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I am trying to setup a web map server on a CentOS 6.2 virtual machine for development. I have never used Linux or web mapping frameworks, but I am trying to do this work as low cost as possible. So far, I am having some difficulty determining how to install and configure all the packages I need.

Here are the packages I want to install:

Apache Web Server Apache Tomcat? - is this necessary? Geoserver PostgreSQL/PostGIS GeoExt? Mapfish?

Has anyone had any experience with these packages in a Linux server? Could you provide any advice or links for setting this up?

Thanks in advance

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3 Answers 3

up vote 1 down vote accepted

If you want a painless installation, you might want to try the OpenGeo Suite. It comes with preconfigured and integrated GeoServer and PostGIS.

First, add the repos: For 32-bit systems:

 cd /etc/yum.repos.d
wget http://yum.opengeo.org/centos/5/i386/OpenGeo.repo

for 64 bit systems:

cd /etc/yum.repos.d
wget http://yum.opengeo.org/centos/5/x86_64/OpenGeo.repo

Update yum:

yum update

You can then install the OpenGeo Suite by typing:

yum install opengeo-suite

Once the installation has completed, you can go to the dashboard by navigating to:

http://localhost:8080/dashboard/
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Thanks @R.K. - is the OpenGeo Suite community edition licensed for commercial purposes? –  Brian Feb 9 '12 at 17:18
    
It is licensed under the GPL so you may use it however way you want as long as you comply with the GPL. softwarefreedom.org/resources/2008/compliance-guide.html –  R.K. Feb 10 '12 at 2:37
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I wrote up my experiences at http://ian01.geog.psu.edu/geoserver_docs/ which should answer most of your questions. The key step is installing Oracle's Java instead of OpenJDK.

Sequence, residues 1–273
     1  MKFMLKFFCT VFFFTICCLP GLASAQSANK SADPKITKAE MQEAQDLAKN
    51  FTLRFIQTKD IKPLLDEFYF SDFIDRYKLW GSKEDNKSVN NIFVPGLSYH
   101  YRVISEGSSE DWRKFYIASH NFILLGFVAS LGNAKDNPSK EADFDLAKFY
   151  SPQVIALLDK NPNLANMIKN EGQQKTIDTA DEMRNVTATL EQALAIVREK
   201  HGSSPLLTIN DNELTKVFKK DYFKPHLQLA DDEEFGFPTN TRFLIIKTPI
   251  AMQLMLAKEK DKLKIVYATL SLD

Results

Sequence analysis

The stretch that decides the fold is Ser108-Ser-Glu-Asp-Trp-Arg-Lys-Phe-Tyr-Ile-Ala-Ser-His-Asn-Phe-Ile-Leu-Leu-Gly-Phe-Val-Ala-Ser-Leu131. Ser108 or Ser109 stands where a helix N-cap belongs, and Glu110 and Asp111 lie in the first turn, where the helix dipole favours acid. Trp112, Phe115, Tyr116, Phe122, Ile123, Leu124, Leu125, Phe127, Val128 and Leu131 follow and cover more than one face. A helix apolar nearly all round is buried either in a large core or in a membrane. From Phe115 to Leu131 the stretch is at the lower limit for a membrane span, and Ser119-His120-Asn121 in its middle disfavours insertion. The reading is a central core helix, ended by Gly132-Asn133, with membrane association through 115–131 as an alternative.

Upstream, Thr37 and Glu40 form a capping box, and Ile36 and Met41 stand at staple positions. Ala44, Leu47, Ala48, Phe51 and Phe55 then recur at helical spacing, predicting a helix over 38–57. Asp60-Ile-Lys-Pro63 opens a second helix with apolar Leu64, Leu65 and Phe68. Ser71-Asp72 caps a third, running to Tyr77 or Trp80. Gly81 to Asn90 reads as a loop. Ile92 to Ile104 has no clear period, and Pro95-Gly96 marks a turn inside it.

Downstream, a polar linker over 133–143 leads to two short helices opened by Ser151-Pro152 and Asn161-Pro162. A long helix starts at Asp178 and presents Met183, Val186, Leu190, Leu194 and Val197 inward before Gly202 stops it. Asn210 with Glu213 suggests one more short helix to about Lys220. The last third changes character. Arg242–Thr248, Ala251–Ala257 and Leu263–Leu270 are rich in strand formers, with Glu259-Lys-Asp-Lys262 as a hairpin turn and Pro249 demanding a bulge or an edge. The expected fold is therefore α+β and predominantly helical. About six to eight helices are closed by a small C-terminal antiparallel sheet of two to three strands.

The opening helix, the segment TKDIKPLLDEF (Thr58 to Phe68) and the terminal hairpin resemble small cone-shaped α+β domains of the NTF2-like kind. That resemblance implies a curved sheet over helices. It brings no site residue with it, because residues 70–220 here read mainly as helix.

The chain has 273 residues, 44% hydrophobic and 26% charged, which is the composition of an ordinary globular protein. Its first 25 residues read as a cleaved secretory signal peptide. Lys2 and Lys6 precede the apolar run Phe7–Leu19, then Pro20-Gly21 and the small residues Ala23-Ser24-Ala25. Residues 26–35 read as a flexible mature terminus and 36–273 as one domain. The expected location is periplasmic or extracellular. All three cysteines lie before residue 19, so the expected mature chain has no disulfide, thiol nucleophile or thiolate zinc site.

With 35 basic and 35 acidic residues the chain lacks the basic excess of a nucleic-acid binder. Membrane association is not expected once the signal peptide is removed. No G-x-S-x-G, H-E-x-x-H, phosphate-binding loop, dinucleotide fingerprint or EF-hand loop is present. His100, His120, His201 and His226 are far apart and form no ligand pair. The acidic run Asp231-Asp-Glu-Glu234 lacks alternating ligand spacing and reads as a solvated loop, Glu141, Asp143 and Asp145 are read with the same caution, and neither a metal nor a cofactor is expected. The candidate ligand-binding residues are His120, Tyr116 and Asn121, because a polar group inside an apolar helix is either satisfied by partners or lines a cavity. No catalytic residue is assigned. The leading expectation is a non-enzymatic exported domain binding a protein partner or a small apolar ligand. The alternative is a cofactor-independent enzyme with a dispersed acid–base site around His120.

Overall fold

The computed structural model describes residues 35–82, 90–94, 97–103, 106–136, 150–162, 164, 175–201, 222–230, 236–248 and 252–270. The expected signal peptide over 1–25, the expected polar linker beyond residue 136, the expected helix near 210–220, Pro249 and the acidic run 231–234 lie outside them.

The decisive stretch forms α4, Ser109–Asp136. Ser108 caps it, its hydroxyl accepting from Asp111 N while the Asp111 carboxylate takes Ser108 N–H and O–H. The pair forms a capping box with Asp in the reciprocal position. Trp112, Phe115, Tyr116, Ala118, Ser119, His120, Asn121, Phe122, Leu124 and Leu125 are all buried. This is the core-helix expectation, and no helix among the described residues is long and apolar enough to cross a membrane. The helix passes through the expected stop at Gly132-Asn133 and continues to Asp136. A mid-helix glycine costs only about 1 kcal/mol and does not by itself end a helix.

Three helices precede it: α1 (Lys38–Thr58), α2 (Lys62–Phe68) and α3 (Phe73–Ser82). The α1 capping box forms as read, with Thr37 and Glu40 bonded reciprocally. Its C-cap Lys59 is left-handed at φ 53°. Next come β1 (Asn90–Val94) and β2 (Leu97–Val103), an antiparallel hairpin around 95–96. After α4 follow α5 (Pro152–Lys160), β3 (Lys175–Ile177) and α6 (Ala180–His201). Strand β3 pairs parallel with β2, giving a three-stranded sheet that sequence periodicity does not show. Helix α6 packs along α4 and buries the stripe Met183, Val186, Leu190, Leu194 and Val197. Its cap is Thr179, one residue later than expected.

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Is there a new link? That one appears broken. –  BradHards Apr 26 '13 at 7:36
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the quickest way to run GeoServer is:

  • install java in your linux machine, using prepared RPM packages o "by hand" if you prefer. Use "java -version" to check you have the Oracle java version, not the opensource one.

  • from here http://geoserver.org/display/GEOS/Stable download the binary independent package

  • uncompress, move into geoserver folder and execute: "java -jar start.jar".

You also can use the geoserver/bin/startup.sh script.

I usually edit it and add this line: export GEOSERVER_HOME=/opt/software/geoserver-2.1.3/bin

to ensure the GEOSERVER_HOME environment variable is defined.

With this you will have a basic installation only fine for development (not production) environment. In addition you can install Postgres+PostGIS if you want to use a spatial DB to store features but it is not requried by geoserver.

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Thanks @neil. This is a development machine, but my hope is that once I set it up and get my web map application running, I would like to copy the virtual machine to the production server. What would be difference about this installation for production? –  Brian Feb 3 '12 at 20:38
    
For production you can install too the JAI libraries for better raster performance and increase some Tomcat parameters (like memory). –  EricSonaron Feb 3 '12 at 21:37
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